WordPress Plugin Support Aggregator

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By Michael Fields

I make plugins for WordPress and I make it a point to host as many of them as possible in the Official WordPress Plugin Directory. I also like to support my plugins and prefer to do so at the WordPress Support Forums. Unfortunately, there is no easy way to see if someone has posted a new question except for clicking on all of the plugin pages and scrolling down to the “See what others are saying…” section on the right-hand sidebar. While I wish that these two sections of WordPress.org were better integrated this is currently not the case. For the time being, I came up with a solution that I would like to share with you.

Mad Props to the Following…

The following solution was created gluing together two tutorials that I have read. The first is an easy to follow article by Jeff Star on Perisable Press titled How to Import and Display RSS Feeds in WordPress. Jeff walks us through using the SimplePie class. The second tutorial was written by Devin Price and focuses on controlling what is displayed on the WordPress Dashboard and is titled Dashboard Support Widgets.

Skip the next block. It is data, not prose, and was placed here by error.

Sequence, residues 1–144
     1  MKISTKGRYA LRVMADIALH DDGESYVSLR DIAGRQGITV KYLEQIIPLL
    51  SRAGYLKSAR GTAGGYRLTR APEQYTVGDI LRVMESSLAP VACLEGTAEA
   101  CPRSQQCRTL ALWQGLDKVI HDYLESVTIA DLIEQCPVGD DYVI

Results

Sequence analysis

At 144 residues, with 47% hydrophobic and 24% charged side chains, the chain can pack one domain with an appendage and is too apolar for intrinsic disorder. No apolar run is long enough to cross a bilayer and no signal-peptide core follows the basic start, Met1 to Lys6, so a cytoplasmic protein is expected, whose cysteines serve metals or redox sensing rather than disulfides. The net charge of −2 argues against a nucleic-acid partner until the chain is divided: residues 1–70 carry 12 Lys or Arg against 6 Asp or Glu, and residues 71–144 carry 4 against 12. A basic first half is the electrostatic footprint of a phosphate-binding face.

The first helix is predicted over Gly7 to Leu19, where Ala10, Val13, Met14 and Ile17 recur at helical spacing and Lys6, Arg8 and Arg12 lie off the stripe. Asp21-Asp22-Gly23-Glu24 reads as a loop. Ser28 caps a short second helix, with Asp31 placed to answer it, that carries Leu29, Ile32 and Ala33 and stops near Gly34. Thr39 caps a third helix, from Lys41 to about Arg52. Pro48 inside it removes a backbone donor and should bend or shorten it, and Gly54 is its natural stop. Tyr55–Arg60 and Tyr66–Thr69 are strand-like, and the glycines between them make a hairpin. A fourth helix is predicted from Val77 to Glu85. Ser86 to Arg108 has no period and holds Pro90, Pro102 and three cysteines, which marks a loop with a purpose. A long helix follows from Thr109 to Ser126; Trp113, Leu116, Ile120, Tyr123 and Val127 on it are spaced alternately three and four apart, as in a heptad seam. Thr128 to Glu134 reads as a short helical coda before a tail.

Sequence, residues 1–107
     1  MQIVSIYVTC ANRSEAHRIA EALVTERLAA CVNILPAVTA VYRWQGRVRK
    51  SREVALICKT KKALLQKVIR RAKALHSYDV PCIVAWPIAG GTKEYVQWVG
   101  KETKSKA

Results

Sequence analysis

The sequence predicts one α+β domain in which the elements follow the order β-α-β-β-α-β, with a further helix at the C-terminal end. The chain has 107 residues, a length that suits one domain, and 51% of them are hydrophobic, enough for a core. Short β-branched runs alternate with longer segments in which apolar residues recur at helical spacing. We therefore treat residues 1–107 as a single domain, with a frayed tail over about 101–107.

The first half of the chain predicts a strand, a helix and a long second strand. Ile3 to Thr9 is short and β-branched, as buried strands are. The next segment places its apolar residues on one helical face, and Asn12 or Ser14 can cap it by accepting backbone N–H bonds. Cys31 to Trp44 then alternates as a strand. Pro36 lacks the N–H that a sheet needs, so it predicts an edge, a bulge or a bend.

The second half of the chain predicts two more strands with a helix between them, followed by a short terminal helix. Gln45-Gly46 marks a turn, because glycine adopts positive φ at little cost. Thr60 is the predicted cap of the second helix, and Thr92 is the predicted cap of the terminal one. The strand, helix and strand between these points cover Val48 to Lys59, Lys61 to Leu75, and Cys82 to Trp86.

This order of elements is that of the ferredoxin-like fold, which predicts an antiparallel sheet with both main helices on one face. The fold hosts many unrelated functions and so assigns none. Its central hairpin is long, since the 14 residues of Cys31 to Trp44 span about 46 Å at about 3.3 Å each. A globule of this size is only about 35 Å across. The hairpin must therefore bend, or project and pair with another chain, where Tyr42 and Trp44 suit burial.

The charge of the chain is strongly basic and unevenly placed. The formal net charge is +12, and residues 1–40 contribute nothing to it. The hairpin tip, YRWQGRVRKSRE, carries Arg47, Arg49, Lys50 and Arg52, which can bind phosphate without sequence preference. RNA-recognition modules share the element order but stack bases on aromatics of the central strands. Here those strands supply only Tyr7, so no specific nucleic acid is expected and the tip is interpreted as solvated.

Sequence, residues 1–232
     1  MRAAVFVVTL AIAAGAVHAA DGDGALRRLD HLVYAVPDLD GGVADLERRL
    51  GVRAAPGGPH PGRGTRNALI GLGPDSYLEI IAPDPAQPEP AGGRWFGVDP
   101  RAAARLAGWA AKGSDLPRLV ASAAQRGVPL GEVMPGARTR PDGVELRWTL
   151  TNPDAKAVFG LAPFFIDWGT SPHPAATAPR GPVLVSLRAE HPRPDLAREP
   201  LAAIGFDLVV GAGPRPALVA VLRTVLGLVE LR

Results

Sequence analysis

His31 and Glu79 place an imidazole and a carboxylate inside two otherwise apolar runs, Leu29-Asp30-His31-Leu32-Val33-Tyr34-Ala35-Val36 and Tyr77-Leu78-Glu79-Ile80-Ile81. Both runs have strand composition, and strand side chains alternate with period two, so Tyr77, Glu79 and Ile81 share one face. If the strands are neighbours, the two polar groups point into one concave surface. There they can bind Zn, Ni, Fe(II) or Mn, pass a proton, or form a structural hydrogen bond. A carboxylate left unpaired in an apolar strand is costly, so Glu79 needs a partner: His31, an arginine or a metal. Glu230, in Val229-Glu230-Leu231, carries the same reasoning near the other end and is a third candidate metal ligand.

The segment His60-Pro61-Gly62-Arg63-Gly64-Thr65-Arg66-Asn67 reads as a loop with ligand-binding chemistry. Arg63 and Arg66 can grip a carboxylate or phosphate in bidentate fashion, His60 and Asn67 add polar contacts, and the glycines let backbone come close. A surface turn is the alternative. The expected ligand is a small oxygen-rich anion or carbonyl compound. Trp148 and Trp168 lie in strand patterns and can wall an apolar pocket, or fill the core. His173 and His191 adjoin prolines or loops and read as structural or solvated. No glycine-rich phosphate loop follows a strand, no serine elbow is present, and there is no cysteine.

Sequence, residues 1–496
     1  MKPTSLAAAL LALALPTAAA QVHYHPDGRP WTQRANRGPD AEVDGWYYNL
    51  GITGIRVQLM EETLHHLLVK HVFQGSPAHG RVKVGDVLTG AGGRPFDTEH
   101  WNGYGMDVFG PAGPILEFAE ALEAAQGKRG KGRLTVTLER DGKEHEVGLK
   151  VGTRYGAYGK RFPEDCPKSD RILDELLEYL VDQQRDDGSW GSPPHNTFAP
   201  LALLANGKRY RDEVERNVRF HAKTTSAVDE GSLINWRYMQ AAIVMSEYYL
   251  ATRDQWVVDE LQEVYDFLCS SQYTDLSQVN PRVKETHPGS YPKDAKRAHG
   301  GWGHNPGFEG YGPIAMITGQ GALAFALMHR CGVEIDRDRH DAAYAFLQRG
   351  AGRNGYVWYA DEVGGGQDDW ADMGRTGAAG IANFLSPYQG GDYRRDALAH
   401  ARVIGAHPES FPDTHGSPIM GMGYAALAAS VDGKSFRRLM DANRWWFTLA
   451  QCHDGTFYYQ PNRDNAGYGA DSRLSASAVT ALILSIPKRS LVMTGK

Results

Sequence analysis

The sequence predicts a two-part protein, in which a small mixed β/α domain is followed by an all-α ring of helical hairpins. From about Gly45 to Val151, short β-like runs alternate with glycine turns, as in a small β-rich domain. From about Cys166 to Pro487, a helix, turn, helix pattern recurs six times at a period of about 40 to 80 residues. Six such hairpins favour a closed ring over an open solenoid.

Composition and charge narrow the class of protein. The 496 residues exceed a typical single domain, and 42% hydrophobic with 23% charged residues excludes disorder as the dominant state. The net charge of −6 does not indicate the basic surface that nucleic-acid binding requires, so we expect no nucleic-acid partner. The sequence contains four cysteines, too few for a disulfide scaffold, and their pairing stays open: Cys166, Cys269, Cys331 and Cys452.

My goal was to combine these two tutorials into a custom solution where I would create a custom Dashboard Widget that displayed the 10 latest support questions for all of my plugins hosted on WordPress.org.

Create a Cache Directory

The first step is to create a cache directory on the server where WordPress is installed. In this example, I have created a directory named “wordpress-plugin-support-cache” directly under /wp-content/. You will want to set the new directory’s file permissions to 755.

Getting the Feeds

Fortunately, the Plugin Directory provides us with a public RSS feed for each plugin’s support section. The first step in finding the feed is to navigate to the plugins main page in the directory and click on the “Forum Posts” link.

You will want to click on the little orange RSS Feed icon to the right of “Forum Posts”. This will take you directly to the feed. Clicking on the text “Forum Posts” will bring you to a tag archive for support forums.

Save Some Time!

You do not need to follow the above process every single plugin that you have. Once you have one feed all you really need to do is modify the unique identifier in the url. Here’s the url for the support feed for my Taxonomy Images Plugin: